Antalya, Turkey (June 3, 2010) – The Beaver Creek/Vail 2015 bid committee, comprised of the U.S. Ski and Snowboard Association, Vail Resorts and the Vail Valley Foundation, celebrated Thursday as the International Ski Federation (FIS) Council voted to award the 2015 FIS Alpine World Ski Championships to Colorado’s Vail Valley. It will be the first time the Championships will be staged in America since Vail hosted in 1999.
The decision was announced by International Ski Federation President Gian Franco Kasper to a packed audience of over 1,000 delegates from 74 nations gathered for the biennial FIS Congress in Antalya. Beaver Creek/Vail was chosen over St. Moritz, Switzerland and Cortina d’Ampezzo, Italy. Europe and Scandinavia had been chosen to host the biennial event the past seven times, spanning 14 years. Beaver Creek/Vail received the majority of the 15 votes cast by the FIS council on the first ballot.
“Our nation is deeply honored to have been selected as the site of the 2015 FIS Alpine World Ski Championships,” said U.S. Ski and Snowboard Association President and CEO Bill Marolt. “It will be a great opportunity to expand participation in our sport nationwide through Beaver Creek/Vail’s Engaging New Worlds program and to showcase our talented U.S. Ski Team athletes. We look forward to working with our strong partner, the Vail Valley Foundation, to produce a World Championships that is successful both athletically and as a catalyst for continued growth in our sport.”
“We are proud to be able to represent the United States and the Vail Valley,” said Ceil Folz, president of the Vail Valley Foundation. “We knew from the outset that we had our work cut out for us with three world class candidates and only one 2015 Alpine World Championships. We congratulate St. Moritz and Cortina on their campaigns. It was truly an honor to be considered along with these great resorts. We can’t wait to get home and share this with our community.”
The Vail Valley has a storied history of hosting major international events. In addition to 1999, Vail also hosted the 1989 Championships and has been a celebrated mainstay on the FIS Alpine World Cup tour since the tour began in 1967. In addition the 1994 and 2001 World Mountain Bike Championships where staged at Vail and the Teva Mountain Games have been a part of the Vail Valley family since 2009.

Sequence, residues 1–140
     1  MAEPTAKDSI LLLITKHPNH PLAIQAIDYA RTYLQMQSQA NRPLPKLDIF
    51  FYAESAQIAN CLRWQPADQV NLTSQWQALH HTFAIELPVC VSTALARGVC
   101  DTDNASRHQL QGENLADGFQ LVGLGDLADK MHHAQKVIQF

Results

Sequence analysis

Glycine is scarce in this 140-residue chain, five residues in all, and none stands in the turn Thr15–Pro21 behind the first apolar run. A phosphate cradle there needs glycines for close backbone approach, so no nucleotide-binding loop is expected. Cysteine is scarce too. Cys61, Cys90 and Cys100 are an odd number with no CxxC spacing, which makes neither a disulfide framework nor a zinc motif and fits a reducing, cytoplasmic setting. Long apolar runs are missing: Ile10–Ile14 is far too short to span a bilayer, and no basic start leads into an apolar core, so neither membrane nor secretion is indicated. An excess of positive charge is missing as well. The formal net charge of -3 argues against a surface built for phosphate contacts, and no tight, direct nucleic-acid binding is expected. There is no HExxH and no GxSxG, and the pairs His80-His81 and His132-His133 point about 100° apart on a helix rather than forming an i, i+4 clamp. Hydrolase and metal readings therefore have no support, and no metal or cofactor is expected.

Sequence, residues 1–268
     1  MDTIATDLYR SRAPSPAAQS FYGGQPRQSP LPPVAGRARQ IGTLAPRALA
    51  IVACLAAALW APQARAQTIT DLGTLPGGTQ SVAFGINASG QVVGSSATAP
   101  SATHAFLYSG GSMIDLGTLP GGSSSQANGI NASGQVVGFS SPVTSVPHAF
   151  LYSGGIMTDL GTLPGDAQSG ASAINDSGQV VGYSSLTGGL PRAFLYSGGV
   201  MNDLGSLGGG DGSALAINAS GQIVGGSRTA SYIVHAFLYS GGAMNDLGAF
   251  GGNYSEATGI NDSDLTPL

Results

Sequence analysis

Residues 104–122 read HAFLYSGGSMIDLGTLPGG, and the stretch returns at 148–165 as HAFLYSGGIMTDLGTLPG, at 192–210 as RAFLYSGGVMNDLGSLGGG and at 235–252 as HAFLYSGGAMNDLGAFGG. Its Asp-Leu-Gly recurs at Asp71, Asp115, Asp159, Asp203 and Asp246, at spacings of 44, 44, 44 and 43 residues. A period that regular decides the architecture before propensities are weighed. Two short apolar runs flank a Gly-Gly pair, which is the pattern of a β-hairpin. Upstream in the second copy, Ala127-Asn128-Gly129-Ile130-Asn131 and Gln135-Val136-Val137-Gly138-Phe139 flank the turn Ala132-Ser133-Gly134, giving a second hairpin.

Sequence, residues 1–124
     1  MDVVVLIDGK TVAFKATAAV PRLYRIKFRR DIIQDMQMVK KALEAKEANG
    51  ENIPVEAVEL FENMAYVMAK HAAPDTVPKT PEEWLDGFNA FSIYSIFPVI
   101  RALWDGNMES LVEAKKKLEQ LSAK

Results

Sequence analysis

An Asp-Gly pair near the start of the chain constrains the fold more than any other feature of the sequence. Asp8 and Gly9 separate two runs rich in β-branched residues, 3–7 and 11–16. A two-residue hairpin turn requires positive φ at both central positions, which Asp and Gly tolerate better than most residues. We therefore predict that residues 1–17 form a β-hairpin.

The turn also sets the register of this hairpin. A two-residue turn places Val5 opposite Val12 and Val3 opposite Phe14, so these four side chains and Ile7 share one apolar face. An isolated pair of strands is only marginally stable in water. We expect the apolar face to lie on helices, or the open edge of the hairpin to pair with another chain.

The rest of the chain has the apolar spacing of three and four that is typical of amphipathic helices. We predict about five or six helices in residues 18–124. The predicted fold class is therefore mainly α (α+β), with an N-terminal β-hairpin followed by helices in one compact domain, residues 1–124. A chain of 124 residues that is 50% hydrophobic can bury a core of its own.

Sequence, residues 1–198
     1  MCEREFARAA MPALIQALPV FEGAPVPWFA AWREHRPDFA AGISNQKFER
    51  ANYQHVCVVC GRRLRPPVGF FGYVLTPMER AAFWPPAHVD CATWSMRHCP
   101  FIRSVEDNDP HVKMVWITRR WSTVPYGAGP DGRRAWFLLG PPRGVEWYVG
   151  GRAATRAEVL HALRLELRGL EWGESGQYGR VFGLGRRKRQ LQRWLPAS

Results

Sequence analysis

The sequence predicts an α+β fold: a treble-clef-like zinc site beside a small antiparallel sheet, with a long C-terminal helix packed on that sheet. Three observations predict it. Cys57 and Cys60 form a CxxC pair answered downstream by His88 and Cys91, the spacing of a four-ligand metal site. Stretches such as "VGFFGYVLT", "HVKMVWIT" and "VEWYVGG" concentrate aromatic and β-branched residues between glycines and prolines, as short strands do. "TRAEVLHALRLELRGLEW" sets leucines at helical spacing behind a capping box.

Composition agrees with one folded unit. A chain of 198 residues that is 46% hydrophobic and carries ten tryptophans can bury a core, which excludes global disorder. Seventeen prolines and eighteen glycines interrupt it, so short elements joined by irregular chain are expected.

Each event is embraced and driven by a passionate global community. Over 1,600 volunteers from around the world came together to help produce the 1999 Championships, while over 800 volunteers pitch in to make the men’s Birds of Prey World Cup races a resounding annual success.
Beaver Creek/Vail’s successful bid was built around a theme of engaging the world and bringing excitement globally in the sport when athletes gather at the Colorado resort in 2015. The championships will be used by Beaver Creek/Vail as a catalyst for growth in the sport with an additional focus on environmental sustainability. The 2015 Championships will continue this important mission for Vail Resorts and the Vail Valley Foundation, while setting a new precedent in sport as thousands from across America and the world converge on the Vail Valley for a carbon neutral two-week celebration of alpine skiing.
To ensure the highest quality facilities, Beaver Creek will reinvent the current men’s Birds of Prey finish area with a larger stadium and easy transportation access. The current Red Tail Restaurant, which serves as the media center for World Cup events will also be removed and rebuilt as a two-story restaurant that will house the media center for both the Championships and World Cup.
Sharing this new stadium with the men’s course will be a new women’s downhill run. The terrain, which is located to skier’s right of Birds of Prey, will rival the challenging terrain of the men’s course and will host the women’s speed events, as well as the combined and nation’